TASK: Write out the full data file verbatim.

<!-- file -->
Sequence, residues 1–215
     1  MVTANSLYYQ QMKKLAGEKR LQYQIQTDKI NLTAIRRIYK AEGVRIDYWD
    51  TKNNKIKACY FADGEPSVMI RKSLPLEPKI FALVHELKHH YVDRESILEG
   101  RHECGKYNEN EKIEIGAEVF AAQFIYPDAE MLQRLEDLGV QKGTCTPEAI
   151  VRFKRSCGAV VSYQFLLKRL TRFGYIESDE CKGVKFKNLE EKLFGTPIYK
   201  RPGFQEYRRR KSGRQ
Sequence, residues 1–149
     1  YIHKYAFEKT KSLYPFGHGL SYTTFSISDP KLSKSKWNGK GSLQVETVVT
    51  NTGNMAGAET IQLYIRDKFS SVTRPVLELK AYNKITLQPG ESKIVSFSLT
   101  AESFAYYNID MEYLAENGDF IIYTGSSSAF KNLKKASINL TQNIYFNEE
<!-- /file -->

Sequence, residues 1–215
     1  MVTANSLYYQ QMKKLAGEKR LQYQIQTDKI NLTAIRRIYK AEGVRIDYWD
    51  TKNNKIKACY FADGEPSVMI RKSLPLEPKI FALVHELKHH YVDRESILEG
   101  RHECGKYNEN EKIEIGAEVF AAQFIYPDAE MLQRLEDLGV QKGTCTPEAI
   151  VRFKRSCGAV VSYQFLLKRL TRFGYIESDE CKGVKFKNLE EKLFGTPIYK
   201  RPGFQEYRRR KSGRQ
Sequence, residues 1–149
     1  YIHKYAFEKT KSLYPFGHGL SYTTFSISDP KLSKSKWNGK GSLQVETVVT
    51  NTGNMAGAET IQLYIRDKFS SVTRPVLELK AYNKITLQPG ESKIVSFSLT
   101  AESFAYYNID MEYLAENGDF IIYTGSSSAF KNLKKASINL TQNIYFNEE